It was raw, convincing, a two-hour burst of unsmiling defiance, a croaky voice of the not-young, not-old generation to which I happily belong. I’d seen him perform live before. Several times, in fact. This moment was special. Last month it was. Berlin. Spandau. The Zitadelle. One of the great Renaissance military forts, once occupied by Napoleon, then by the Nazis, who carried out research on nerve gas there until their crushing military defeat in the spring of ‘45. There we stood, the next generation, in the fort’s gravel courtyard, under drizzling summer skies. A thousand music lovers soaked to the skin. Nobody cared. It was Bob Dylan’s turn.
Just a few video fragments have survived the night, among them a short clip of Ballad of a Thin Man. As in previous live versions, the Spandau rendition, re-arranged to complement Dylan’s gravelly voice, came charged with the gnash and growl of the original. Recorded in 1965, it’s arguably his angriest song. Have a quick listen to the grey cat in the Cordobes hat:
What’s Ballad of a Thin Man all about, you may ask? The question should be refused. Dylan himself has always played the role of the silent recluse, so we don’t know his original intentions. 'I’d get sued’, Dylan once told reporters when declining to talk about the song. The fanatics within his global fan base meanwhile show why second guessing his intended meanings borders on the ludicrous. The fanatics hang on his every word. Like codes in need of cracking, every line and every utterance of the song-writer poet is thought worthy of reflection, analysis and (yes) deconstruction. Their fanaticism and their folly are twins.
There is no ‘true’ meaning of Ballad of a Thin Man. There never can be. It will forever be charged with enigma and surplus meaning. That’s to say its significance will always hang on the understandings and ‘overstandings’ of its listeners. Many people say (for instance) the tune is a diatribe against the ignorance of journalists. Those ‘word swallowers’ who click their ‘high heels’ before the powerful, yet haven’t a clue about most of the things they report. They ask questions. ‘Is this where it is?’ Comes a reply: ‘It’s his’, to which the non-plussed journalist mutters ‘What’s mine?’ and ‘Oh my God Am I here all alone?’ and somebody chips in: ‘Where what is?’. The so-called interview comes to an end. ‘Here is your throat back’, says the journalist, lost. ‘Thanks for the loan.’
The lyrics ooze sarcasm, sneering fury, but for me Ballad of a Thin Man is a blues-rock rebellion against much more than corner-cutting clueless journalism. It’s an angry protest against the wider political disease of wilful ignorance. Mister Jones is your average, normal, uncomprehending nobody, a respectable figure dumbed down by the age of media saturation and its obsession with polls, gaffes and speculation. Mister Jones has ‘been with the professors’, read books and met lawyers. Eyes in pocket and nose on the ground, clean-cut and boring, a ‘lovely’ person, perfectly civilised, Mister Jones is the archetype of a lazy accomplice of top-down power.
He is unable to understand, let alone come to grips with or act upon the world. ‘Something is happening here But you don’t know what it is Do you, Mister Jones?’ She has a job, gets on with things, minds her own business, feels good by donating to ‘tax-deductible organizations’. Confident in ‘facts’ gleaned through ‘many contacts’ but stripped of understanding and responsibility for others, Mister Jones is what ancient Greek democrats called an apolitical idiot.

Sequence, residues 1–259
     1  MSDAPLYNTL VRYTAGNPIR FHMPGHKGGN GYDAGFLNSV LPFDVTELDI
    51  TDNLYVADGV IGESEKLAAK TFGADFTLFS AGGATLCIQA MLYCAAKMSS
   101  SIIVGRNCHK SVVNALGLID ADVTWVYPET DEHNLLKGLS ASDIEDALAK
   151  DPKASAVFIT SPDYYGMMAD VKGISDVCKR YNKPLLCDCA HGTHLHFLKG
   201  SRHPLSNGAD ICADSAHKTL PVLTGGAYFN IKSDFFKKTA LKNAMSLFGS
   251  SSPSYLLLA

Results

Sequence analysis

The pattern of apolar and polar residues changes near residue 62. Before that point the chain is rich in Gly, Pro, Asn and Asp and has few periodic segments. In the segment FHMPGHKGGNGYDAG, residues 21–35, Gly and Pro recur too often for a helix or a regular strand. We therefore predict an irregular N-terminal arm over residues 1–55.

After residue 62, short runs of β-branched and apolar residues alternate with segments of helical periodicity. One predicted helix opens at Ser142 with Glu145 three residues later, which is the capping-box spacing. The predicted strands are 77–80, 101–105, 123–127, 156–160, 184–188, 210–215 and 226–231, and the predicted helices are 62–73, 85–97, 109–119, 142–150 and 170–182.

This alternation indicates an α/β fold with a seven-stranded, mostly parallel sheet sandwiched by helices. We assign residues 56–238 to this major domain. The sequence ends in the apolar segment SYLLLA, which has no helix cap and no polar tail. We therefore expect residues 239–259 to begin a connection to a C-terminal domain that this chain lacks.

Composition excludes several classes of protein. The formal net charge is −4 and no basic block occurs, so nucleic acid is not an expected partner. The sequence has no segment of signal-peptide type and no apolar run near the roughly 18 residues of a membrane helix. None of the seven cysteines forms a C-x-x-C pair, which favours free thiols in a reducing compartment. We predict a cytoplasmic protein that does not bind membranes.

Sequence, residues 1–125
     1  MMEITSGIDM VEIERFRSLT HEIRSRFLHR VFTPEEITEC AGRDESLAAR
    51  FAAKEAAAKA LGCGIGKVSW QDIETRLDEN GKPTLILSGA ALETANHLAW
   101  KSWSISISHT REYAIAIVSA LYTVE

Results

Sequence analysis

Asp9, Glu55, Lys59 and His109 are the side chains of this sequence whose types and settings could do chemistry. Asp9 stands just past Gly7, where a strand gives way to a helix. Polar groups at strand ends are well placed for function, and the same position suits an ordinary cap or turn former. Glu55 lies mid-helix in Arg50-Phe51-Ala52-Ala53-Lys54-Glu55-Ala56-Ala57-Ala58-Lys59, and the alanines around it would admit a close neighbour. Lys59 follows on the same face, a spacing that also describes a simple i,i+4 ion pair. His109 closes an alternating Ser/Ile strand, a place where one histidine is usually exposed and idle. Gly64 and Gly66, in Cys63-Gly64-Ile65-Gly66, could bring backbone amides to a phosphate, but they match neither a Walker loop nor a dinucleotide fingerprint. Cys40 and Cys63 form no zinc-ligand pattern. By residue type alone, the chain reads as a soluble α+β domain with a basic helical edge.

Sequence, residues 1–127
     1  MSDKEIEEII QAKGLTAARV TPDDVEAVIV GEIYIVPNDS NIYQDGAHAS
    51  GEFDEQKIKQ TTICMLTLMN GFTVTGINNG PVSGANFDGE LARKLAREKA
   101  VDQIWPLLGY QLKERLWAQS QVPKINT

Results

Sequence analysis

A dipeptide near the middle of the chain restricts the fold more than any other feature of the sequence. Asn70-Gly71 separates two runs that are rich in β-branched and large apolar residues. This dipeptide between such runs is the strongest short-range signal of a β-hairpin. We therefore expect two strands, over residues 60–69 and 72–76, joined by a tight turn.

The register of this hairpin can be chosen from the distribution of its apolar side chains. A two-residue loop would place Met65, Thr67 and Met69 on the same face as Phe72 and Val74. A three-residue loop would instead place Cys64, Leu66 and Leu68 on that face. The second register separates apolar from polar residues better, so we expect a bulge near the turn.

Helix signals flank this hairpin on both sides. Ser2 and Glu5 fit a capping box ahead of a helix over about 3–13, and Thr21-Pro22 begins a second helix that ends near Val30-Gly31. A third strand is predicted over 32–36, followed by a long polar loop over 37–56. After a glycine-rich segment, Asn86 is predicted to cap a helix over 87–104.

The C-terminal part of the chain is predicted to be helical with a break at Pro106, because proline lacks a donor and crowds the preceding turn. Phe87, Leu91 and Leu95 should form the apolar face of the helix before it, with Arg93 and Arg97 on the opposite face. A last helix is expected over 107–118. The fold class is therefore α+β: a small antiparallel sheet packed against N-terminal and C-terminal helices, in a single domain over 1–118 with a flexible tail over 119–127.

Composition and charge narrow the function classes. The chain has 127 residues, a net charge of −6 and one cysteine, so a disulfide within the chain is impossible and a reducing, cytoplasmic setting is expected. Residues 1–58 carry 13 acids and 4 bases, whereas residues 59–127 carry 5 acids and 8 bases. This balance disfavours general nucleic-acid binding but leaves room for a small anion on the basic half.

Ballad of a Thin Man sounds the alarm against the end of politics, the possibility that citizens will no longer think or feel or care any more, that they will lose their sense of wonder, never get excited or believe in anything except their own comfortable, narrow-minded mediocrity. Mister Jones is a living oblivion. A character whose apathy ought to seem bone-chilling but who lives in blissful ignorance, ignorant of their own ignorance, unaware that fence-sitting neutrality is not an option, wilfully uninterested in things that they know nothing about, even though those things impact their lives.
The really disturbing thing about Mister Jones is that his ignorance is vincible. She is ignorance in action. He doesn’t want to know. When bad things are happening, she turns blind eyes. He hasn’t yet figured out that lazy ignorance is prone to acquiescence, or to active collaboration. Mister Jones has never pondered the thought that most evils in the world are the work not of knaves, but of fools like himself. That’s why he’s so dangerous.
Mister Jones is an enemy of democracy. ‘There ought to be a law Against you comin’ around’, howls Dylan. Understandably. Mister Jones is an unthinking person drawn to the conclusion either that everything’s all right with the world, or that nothing can be done to change it, perhaps even that the world is going to the dogs. Mister Jones is a sycophant, the potential plaything of power, the ‘nice’ person willing to go with the flow of things, the decent well-intentioned character who turns out to be the fool who helps bring disasters into the world.
Wilful ignorance as the mother of political evil: spare just several minutes more to witness the best early version of the point, performed in Copenhagen nearly half a century ago, with every last drop of Dylan’s electric energy….